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Seismology and Earthquake Engineering :Introduction Lecture 3.

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Presentation on theme: "Seismology and Earthquake Engineering :Introduction Lecture 3."— Presentation transcript:

1 Seismology and Earthquake Engineering :Introduction Lecture 3

2 Hall of Fame (famous earthquakes) 1906 San Francisco

3 Hall of Fame (famous earthquakes) 1964 Niigata

4 Hall of Fame (famous earthquakes) 1964 Alaska

5 Hall of Fame (famous earthquakes) 1960 Chile

6 Hall of Fame (famous earthquakes) 1971 San Fernando

7 Hall of Fame (famous earthquakes) 1985 Mexico City

8 Hall of Fame (famous earthquakes) 1989 Loma Prieta

9 Hall of Fame (famous earthquakes) 1994 Northridge

10 Hall of Fame (famous earthquakes) 1995 Kobe

11 Hall of Fame (famous earthquakes) 1999 Chi Chi (Taiwan)

12 Engineering for Earthquakes Geotechnical Engineering Considerations Site Response – modification of ground motions by local geologic conditions Ground Failure – mass movement of soil (liquefaction, settlement, landslides, etc)

13 Site Response Problem: Predict the response of a soil deposit due to earthquake excitation Source Path Site

14 Site Response Soil response depends on: Type of soil Thickness of soil Stiffness of soil Results: Some soil deposits amplify bedrock motion Some soil deposits de-amplify bedrock motion Some soils do both Bedrock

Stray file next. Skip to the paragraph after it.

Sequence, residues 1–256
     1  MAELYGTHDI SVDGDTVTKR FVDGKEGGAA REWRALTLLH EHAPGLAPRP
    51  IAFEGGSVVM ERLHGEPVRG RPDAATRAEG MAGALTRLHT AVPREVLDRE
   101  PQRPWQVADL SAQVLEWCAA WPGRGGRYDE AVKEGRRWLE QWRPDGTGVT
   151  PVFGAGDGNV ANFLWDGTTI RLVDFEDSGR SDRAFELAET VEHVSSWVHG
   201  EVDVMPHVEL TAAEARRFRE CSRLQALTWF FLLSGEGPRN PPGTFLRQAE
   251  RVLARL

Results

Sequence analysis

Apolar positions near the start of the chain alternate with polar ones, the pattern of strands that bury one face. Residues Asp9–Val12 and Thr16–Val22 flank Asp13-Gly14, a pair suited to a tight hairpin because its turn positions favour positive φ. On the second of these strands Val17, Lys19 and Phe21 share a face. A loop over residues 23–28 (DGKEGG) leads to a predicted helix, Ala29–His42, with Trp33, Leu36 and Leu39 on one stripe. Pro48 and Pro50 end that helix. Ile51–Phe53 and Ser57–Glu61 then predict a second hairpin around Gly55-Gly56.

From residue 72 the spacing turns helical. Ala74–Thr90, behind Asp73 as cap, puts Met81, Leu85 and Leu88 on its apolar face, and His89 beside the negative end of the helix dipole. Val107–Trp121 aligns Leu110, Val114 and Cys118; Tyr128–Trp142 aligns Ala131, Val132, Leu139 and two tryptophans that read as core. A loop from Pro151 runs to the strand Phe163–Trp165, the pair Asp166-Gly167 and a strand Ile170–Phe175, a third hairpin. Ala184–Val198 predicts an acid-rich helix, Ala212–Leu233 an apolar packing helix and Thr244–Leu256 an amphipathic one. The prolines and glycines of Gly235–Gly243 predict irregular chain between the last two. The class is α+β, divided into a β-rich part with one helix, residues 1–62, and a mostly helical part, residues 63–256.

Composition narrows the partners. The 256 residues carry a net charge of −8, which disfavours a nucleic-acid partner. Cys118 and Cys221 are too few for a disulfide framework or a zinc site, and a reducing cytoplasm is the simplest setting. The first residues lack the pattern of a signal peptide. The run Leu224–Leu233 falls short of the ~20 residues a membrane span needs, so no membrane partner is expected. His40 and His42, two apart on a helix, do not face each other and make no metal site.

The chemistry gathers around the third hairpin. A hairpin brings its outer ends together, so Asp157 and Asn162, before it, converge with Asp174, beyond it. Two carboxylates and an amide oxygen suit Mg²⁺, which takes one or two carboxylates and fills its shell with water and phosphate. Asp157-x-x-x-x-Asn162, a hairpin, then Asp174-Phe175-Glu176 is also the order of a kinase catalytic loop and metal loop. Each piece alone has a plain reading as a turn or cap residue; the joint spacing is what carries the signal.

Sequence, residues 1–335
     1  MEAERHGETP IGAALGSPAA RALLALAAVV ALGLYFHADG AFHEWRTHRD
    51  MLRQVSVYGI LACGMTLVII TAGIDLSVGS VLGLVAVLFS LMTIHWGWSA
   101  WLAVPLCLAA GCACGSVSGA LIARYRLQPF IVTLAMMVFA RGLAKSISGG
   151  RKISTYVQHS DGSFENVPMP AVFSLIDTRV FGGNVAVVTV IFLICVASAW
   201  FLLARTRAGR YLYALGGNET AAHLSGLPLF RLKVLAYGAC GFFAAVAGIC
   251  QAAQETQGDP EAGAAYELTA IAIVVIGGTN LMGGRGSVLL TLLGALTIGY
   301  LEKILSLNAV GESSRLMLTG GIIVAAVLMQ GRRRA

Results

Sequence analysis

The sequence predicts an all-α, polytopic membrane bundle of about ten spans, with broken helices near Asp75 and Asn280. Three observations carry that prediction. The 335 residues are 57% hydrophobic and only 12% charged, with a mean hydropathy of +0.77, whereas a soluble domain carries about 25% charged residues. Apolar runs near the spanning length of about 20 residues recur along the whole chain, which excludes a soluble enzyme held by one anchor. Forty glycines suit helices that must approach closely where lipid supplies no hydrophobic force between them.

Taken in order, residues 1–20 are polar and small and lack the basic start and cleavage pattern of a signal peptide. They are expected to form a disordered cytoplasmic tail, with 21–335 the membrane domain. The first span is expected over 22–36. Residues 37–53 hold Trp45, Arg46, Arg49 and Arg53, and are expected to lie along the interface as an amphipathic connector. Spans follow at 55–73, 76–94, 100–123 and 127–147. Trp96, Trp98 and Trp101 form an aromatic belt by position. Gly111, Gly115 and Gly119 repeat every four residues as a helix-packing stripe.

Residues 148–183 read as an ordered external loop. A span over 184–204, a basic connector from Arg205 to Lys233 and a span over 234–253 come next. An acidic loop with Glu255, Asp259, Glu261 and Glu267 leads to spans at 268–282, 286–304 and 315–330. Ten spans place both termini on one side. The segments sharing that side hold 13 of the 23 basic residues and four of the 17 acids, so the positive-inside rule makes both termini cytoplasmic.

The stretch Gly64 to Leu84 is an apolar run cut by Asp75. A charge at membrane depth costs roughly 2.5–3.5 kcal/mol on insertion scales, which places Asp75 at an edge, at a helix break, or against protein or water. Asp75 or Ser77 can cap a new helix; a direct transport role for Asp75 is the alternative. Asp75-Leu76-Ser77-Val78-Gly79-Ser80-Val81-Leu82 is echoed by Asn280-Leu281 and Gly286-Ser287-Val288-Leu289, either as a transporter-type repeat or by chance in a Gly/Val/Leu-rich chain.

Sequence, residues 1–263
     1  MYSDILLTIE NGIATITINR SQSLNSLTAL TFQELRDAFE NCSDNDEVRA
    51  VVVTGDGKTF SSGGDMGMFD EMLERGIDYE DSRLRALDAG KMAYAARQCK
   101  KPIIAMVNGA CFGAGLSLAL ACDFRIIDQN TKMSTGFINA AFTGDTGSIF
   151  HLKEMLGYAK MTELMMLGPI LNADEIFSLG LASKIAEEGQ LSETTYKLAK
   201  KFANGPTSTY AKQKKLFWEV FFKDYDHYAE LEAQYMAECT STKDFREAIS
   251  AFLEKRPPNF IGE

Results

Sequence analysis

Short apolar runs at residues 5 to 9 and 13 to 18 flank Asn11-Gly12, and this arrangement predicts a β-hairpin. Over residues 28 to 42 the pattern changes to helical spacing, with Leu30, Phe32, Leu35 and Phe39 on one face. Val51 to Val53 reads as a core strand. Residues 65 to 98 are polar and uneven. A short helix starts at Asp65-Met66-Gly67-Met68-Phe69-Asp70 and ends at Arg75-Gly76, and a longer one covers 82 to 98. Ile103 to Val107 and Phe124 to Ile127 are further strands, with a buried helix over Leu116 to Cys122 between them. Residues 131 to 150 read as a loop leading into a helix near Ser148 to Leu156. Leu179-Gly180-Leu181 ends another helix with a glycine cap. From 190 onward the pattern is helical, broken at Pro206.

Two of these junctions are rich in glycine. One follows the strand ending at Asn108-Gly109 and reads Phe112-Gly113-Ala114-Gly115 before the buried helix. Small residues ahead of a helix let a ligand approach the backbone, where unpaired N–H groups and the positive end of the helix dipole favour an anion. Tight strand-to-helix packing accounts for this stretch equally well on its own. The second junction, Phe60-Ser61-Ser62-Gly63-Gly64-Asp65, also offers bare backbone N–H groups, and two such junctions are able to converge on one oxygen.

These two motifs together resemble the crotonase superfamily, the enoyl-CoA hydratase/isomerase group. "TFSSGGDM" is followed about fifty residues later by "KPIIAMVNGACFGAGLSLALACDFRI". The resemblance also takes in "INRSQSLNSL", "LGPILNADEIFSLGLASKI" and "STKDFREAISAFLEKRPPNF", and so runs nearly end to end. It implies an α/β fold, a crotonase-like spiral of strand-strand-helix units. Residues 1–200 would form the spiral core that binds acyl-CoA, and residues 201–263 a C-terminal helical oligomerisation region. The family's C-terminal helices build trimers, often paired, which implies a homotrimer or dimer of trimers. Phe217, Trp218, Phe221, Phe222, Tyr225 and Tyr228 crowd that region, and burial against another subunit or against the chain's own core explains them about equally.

15 Site Response 1985 Mexico City Earthquake M = 8.1 Over 200 miles away Young lake deposits University Communications Building 30 m soft clay Rock

16 Site Response 1985 Mexico City Earthquake M = 8.1 Over 200 miles away Rock – 0.03g Soft clay – 0.15g Soft clay amplified bedrock motions by factor of 5

17 Site Response 1989 Loma Prieta Earthquake M = 7.1 Over 60 miles away San Francisco Oakland Yerba Buena Island Treasure Island Yerba Buena Island Treasure Island Rock Soft soil

18 Site Response 1989 Loma Prieta Earthquake M = 7.1 Over 60 miles away Rock – 0.06g Soft soil – 0.15g Rock Soft soil Soft soil amplified bedrock motions by factor of 2-3

19 Ground Failure Landslides Yungay, Peru Before After Engineering for Earthquakes

20 Ground Failure Landslides Engineering for Earthquakes Before After

21 Ground Failure Landslides Engineering for Earthquakes Before After

22 Ground Failure Landslides Engineering for Earthquakes Taiwan El Salvador

23 Ground Failure Liquefaction Engineering for Earthquakes Loose Sand High contact forces Low contact forces Earthquake shaking

24 Ground Failure Liquefaction Engineering for Earthquakes High contact forces Low contact forces Earthquake shaking Soil wants to densify Water pressure increases Contact forces decrease Strength decreases

25 Ground Failure Liquefaction Engineering for Earthquakes Niigata, Japan

26 Ground Failure Liquefaction Engineering for Earthquakes Moss Landing, California

27 Engineering for Earthquakes Structures

28 Engineering for Earthquakes Structural Engineering Considerations Design of new structures Retrofitting of existing structures